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16 Underrated Gambling Movies Worth Betting The House On

List RulesVote up the movies worth taking a two-hour gamble on.

When you think of gambling movies, what comes to mind? Martin Scorsese's Casino, probably. Uncut Gems is a recent one, so that probably pops up, too. Bugsy, The Sting, and Ocean's Eleven are other obvious titles. These are the classics, the ones that have been widely seen and are highly regarded. You really can't go wrong with any of them. 

If you've seen all of those and are looking for something you haven't seen, the following underrated gambling movies fit the bill nicely. Despite having big stars and, in several instances, A-list directors, these films somehow didn't catch on in quite the same way. A few didn't get very wide releases, whereas others simply flew under the radar. Three or four of the titles have cult followings, yet remain relatively unknown to the public at large. What they all have in common - whether comedies or dramas - is insight into the gambling phenomenon.

Which of these underrated gambling flicks is most worth betting the house on? Vote up your favorites.

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  • Photo: Miramax

    Rounders is widely considered by gambling experts to be one of the most authentic films ever made on the topic. Gamblers love it, but general audiences never quite gelled to the movie, which only made $22 million at the box office, despite starring Matt Damon and Edward Norton. Damon's character, Mike, promises his girlfriend he'll give up poker after losing his $30,000 tuition money to a Russian gangster. He keeps that promise until old pal Worm gets out of jail. Worm has debts to settle, so Mike helps him get involved in a few games. But when those turn out to be failures, the only way Mike can help his buddy to is break the promise that he'd stay away from the tables.

    Both actors give career-highlight performances in Rounders. The excellent supporting cast includes Gretchen Mol, John Malkovich, John Turturro, and Martin Landau. The movie also offers a compelling examination of the psychology of poker players. Mike and Worm have developed ways to trick and/or read their opponents. Watching them in action - and knowing they're in grave danger if they cross the gangster - provides non-stop tension. 

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  • Did you know that Woody Harrelson, David Cross, Ray Romano, Mike Epps, Cheryl Hines, Judy Greer, Jason Alexander, and Werner Herzog made a movie together? Probably not, because The Grand earned just over $115,000 when it was released in theaters in 2007. You don't get much more under-the-radar than that. 

    The reason to see this movie is that it was created under fascinating circumstances. The story involves a bunch of gamblers taking part in a poker tournament. Each actor in the all-star cast was given a character to play, but they had to improvise their dialogue. From there, they played actual games of poker against one another, so nobody knew what the plot's outcome would be. It all depended on who won for real. This oddball structure makes The Grand compulsively watchable. You never know what's going to be said or done next, because the stars didn't either.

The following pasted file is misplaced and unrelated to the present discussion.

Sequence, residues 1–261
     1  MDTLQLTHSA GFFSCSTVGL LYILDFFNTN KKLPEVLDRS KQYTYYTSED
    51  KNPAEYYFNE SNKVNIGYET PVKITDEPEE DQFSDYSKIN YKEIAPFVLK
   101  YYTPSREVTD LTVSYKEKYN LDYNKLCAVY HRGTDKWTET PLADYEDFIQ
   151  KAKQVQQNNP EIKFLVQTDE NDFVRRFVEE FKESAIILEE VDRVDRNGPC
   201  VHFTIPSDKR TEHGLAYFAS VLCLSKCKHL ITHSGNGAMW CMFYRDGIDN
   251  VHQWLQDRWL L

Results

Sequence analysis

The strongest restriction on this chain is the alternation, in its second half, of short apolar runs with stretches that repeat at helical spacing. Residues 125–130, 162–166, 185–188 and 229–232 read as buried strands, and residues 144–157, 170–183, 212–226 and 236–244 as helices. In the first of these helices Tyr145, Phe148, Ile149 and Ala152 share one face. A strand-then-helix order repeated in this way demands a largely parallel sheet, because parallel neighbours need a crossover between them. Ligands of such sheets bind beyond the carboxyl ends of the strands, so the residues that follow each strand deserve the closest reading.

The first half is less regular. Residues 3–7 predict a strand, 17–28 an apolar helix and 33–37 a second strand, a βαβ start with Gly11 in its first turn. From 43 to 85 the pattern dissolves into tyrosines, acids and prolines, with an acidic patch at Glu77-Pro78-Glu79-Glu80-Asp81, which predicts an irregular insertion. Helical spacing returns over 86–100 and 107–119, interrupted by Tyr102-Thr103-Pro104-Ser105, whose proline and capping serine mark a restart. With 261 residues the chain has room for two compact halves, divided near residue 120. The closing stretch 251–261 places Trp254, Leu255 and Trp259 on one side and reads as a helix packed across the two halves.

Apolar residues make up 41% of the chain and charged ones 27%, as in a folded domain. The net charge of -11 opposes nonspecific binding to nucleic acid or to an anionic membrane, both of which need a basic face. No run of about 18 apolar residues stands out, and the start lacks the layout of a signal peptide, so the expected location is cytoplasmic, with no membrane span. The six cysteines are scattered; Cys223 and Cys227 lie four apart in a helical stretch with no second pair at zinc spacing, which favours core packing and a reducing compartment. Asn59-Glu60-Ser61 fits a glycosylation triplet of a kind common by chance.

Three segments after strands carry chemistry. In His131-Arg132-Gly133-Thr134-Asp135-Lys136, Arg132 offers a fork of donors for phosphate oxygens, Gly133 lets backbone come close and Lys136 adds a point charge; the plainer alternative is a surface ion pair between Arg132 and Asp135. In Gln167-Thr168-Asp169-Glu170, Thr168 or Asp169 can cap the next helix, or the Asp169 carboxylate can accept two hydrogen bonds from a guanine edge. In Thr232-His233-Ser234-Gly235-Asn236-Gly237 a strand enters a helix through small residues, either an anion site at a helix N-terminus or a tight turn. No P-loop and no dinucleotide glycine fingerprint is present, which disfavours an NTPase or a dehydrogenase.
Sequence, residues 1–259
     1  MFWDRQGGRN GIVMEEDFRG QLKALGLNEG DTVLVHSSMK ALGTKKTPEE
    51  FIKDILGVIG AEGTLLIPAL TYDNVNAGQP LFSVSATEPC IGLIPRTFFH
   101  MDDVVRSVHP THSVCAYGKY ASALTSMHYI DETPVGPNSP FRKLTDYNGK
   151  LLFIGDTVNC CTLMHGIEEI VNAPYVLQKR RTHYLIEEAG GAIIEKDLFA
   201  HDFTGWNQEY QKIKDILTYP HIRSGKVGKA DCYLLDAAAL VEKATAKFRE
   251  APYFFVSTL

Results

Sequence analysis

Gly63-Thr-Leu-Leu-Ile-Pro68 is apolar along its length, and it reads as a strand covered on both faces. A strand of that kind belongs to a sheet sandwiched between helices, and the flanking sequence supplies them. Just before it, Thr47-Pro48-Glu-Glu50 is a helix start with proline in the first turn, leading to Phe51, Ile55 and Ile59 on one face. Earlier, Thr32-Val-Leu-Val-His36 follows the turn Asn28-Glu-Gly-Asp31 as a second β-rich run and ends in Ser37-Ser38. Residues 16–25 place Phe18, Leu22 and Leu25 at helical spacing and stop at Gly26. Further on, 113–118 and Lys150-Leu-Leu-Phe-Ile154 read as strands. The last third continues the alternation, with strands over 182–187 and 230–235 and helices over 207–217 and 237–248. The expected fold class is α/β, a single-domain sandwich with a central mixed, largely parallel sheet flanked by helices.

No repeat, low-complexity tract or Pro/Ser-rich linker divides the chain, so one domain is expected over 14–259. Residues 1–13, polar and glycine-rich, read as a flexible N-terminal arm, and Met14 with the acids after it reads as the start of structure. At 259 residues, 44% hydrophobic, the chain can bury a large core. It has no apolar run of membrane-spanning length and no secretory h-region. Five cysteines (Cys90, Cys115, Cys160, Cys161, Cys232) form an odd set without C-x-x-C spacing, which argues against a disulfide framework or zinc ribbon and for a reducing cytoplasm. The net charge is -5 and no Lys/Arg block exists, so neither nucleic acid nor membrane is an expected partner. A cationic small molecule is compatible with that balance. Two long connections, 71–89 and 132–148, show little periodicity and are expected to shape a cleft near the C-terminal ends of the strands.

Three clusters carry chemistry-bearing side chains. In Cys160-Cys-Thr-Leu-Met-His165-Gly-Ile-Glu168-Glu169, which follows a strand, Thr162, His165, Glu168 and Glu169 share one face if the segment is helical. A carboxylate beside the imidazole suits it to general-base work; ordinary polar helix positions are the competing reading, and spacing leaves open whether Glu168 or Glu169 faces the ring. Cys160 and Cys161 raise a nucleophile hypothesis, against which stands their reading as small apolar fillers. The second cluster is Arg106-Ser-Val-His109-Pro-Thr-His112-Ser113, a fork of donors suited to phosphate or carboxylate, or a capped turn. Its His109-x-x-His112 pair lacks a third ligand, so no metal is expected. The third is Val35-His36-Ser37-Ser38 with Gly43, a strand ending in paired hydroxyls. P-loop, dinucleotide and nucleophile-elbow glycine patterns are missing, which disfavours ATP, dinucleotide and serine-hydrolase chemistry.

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  • Veteran actor Philip Baker Hall gives a tour de force performance in Hard Eight, the first film from Boogie Nights director Paul Thomas Anderson. He plays Sydney, a longtime gambler who becomes the mentor to a younger one, John (John C. Reilly). They have a good thing going until John falls for a waitress/prostitute, played by Gwyneth Paltrow. A kidnapping follows, along with a bizarre act of love that Sydney commits to protect John.

    Hard Eight is a very human story about people caught up in the seedy underworld of gambling, where desperation is the order of the day. The mentor/pupil relationship between the two men is fascinating. You might even learn a few things about gambling from Sydney, just as John does. And then there's Hall, who brings a palpable sense of weariness to the role. He creates a downtrodden man who finds a glimmer of light upon gaining a protege, only to have the darkness envelop him even further in the end. 

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  • Clive Owen landed his breakthrough role with 1998's Croupier. He's Jack, an aspiring writer who takes a job as a croupier in order to pay the bills while he waits for his writing career to take off. Seeing the daily ins and outs of working in a casino - as well as meeting the people who inhabit the place - makes him realize that the material for a great book is right under his nose. As he becomes increasingly entrenched in the lifestyle, though, Jack realizes it's taking a toll on him.

    Critics agreed that Owen is magnetic in the role. Roger Ebert wrote that the actor "doesn't give himself wholly to the action, but seems to be keeping a part of his mind outside of it, measuring and calculating." That quality helps draw us into Jack's world, showing how he's impacted by everything he observes. Elsewhere, Croupier presents a realistic depiction of life spent in front of roulette wheels and poker tables, where the promise of a big win causes people to make poor choices.

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